Δευτέρα, 11 Ιουλίου 2016

Nato show of unity masks domestic divisions


By Sam Jones and Henry Foy

Growing signs of discord over relations with Moscow

Nato leaders sat down for dinner in Warsaw’s presidential palace on Friday, capping a day of tough talks on Russia and the need to send a strong signal to the Kremlin over eastern Europe’s place in the Atlantic fold.

One by one, the leaders of the world’s most powerful military alliance reiterated carefully phrased pledges of unity — until Alexis Tsipras, the Greek prime minister, spoke.

Mr Tsipras, in contrast to the others, said it was time to end the stand-off with Russia. Under the same glittering chandeliers that illuminated the signing of the Warsaw Pact 61 years ago, he broke from the official consensus and argued for partnership with Vladimir Putin, the Russian president. His position was quickly slapped down by US President Barack Obama.

Amid the dozens of public pledges of unity that punctuated the Warsaw summit — the first full gathering of Nato leaders since 2014 — there have been growing signs of division over relations with Moscow.

Two days of formal meetings in the Polish capital have produced a range of technical documents and policies setting out Nato’s new military posture, but the real effort here from diplomats has been to try and hold the 29-state bloc firm amid a bewildering array of security threats and political shifts that are shaking the foundations of the European order.

In the run-up to the summit, Frank-Walter Steinmeier, Germany’s foreign minister, accused the alliance of “warmongering” with Russia as it conducted defensive exercises in Poland. And on the very eve of the gathering, President François Hollande of France said Russia should be treated as a “partner” not an adversary.

Nato officials and several other senior members of the alliance dismissed both positions this weekend as political ploys intended for domestic audiences. Behind the closed doors of the North Atlantic Council, said one Nato official, “President Hollande was like a completely different person.”

Not everyone takes that line, however. One senior Nato official outlined their concerns: it is easy to regard the growing number of calls for rapprochement with Russia as pure domestic politicking, but across Europe — as Britain’s EU referendum result laid bare — domestic politics is increasingly forcing the international agenda.

Nato’s eastern members, who have long held the most hawkish positions when it comes to dealing with Moscow, are becoming more agitated.

“The French have been the most objectionable in this whole reinforcement process,” said a defence minister from a Nato state in east Europe. “Right up to the summit they were trying to dilute all aspects of it.”

The minister, who declined to be named due to the sensitivity of the issue, said Paris had sought to reduce the numbers of troops that would be deployed in the new battle groups and strike out references to Russia in public statements. Paris had also suggested Poland had no need for air missile defences, the minister said.

“Paris is a bigger problem for us than Berlin,” said the minister. “Unlike the Germans, they are not really interested in promoting a close transatlantic partnership or building up relations with eastern European countries.”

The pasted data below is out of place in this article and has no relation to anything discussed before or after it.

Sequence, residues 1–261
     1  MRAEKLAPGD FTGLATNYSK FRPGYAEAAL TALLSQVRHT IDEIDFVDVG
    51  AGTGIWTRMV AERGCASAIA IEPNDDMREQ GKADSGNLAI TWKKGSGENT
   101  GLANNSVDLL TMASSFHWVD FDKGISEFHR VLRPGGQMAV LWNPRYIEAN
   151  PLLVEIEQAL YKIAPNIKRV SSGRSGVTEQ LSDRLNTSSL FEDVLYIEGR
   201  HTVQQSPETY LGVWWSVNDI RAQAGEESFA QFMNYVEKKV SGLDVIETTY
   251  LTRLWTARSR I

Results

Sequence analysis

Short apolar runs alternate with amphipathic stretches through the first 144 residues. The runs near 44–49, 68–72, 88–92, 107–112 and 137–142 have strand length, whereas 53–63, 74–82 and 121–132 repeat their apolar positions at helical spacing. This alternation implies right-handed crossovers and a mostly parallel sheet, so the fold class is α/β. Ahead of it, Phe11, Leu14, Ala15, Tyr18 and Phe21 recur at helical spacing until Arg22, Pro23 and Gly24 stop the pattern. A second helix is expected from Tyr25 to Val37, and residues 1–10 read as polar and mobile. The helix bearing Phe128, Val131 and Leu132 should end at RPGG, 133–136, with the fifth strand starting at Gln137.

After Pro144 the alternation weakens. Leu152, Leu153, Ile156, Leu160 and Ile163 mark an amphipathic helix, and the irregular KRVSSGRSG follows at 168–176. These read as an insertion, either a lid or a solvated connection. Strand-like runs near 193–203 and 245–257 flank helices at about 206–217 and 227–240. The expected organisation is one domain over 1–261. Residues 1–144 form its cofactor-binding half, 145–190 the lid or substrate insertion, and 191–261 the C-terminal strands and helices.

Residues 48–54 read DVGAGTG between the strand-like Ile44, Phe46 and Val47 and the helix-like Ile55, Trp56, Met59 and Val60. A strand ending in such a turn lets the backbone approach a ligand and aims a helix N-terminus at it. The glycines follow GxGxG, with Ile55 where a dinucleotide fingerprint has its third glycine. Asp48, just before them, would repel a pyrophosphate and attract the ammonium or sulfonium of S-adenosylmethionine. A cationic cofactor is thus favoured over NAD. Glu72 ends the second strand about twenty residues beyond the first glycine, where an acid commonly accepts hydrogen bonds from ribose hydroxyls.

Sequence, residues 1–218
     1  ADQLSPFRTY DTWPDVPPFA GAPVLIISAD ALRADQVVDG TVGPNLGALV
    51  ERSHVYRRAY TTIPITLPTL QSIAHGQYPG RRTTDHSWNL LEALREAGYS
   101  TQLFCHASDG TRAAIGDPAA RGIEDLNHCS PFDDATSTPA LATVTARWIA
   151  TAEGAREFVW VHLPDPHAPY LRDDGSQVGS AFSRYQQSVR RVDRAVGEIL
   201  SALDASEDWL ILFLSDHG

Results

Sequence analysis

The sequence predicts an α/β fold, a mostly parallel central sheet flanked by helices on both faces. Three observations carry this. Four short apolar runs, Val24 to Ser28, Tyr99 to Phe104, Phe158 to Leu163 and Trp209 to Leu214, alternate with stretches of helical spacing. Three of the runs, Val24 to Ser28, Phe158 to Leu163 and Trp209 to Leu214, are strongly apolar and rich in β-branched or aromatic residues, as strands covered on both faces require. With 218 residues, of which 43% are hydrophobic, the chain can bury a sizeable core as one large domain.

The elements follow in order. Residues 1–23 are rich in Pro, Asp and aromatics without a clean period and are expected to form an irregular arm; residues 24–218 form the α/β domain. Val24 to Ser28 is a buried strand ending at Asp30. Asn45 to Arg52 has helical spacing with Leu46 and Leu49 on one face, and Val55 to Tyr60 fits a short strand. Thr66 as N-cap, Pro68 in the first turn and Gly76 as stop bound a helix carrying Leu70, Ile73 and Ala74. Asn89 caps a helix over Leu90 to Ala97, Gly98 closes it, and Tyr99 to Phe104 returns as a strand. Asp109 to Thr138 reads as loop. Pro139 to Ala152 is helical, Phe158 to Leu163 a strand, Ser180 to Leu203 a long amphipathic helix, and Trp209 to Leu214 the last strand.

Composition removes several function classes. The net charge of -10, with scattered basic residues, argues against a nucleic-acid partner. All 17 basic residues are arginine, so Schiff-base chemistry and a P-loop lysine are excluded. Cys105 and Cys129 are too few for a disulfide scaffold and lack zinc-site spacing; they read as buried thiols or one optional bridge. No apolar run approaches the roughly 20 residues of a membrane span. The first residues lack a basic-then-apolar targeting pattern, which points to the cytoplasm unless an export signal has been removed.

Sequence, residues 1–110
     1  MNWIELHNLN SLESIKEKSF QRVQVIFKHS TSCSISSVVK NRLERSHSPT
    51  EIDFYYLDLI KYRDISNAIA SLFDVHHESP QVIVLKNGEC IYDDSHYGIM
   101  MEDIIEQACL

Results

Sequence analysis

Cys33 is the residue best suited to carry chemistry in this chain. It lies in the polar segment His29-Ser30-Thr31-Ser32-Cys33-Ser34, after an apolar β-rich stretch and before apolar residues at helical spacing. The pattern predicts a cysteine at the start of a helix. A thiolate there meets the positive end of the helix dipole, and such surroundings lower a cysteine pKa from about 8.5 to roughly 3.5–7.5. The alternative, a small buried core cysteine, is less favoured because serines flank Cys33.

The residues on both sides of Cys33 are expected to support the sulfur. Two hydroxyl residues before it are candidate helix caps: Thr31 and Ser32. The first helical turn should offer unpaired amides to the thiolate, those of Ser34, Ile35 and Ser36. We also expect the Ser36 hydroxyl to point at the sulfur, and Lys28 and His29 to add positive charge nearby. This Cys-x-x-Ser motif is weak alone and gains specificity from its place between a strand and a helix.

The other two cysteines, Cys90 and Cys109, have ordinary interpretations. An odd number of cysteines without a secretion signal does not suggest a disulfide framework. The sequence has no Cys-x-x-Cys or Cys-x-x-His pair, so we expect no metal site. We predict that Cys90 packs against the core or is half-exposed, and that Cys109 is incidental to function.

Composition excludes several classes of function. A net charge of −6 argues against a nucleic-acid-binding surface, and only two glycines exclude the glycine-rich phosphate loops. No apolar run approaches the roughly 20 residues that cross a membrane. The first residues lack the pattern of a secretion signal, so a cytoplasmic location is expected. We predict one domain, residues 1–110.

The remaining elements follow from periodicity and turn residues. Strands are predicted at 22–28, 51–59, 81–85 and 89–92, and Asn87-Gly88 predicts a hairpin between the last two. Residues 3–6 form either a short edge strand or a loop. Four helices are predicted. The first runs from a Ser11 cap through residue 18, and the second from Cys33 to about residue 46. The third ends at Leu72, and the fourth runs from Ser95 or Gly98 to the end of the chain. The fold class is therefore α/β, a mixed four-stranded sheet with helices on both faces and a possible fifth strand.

Others are less strident in their tone, but equally concerned about the challenges to Nato’s unity. “We have had a lot of stress tests recently,” says Lithuanian foreign minister and former defence minister Linas Linkevicius, “The environment is not very stable … we have to be consistent and we have to respect our own decisions.”

When it comes to Russia, says Mr Linkevicius, “the eyes-opening exercise is still taking place. I don’t know how many wake-up calls are needed to wake up — it depends on individual countries but its obviously not enough so far.”

Britain’s decision to withdraw from the EU has also become a particular cause for concern because it will remove one of the clearest advocates of a firm line against Russia from the bloc. Even though the UK’s exit will take two years, many fear when it comes to the next decision to roll sanctions against Russia, which will require unanimity and is due in late January, the UK’s voice will count for less.

“In this process [Brexit], there are no winners,” said Estonian foreign minister Marina Kaljurand. “Everybody will lose. The EU will lose, Estonia will lose, Great Britain will lose. And we will lose in a real sense of the word. We will lose a very close ally in the EU who shares our positions and views more than some other countries concerning security.”

According to Philip Hammond, the British foreign minister, Brexit was the “[only] subject on the table” in his discussions with counterparts in Warsaw this weekend. Mr Hammond said he was also concerned that as the UK withdraws from Europe, the EU position when it comes to Russia may shift.

“Britain has always been at the forefront of seeking to maintain EU unity and robustness of purpose in response to Russian aggression,” he said. “And I am very concerned that the EU maintains its robust approach way into the future long after the UK is not a member. We have always had people in the EU who have been less clear about this and as we all understand there are political process under way in France and Germany which are exposing nuances of view, shall we say, between people of different political opinions.”

It was left to Mr Obama, at the close of meetings on Saturday evening, to strike a final tone of unity. At times of great change, the US president said, “hyperbole” could often take hold. “We are united that there can be no business as usual with Russia,” he said. “In good times and in bad, Europe can count on the United States. Always.”


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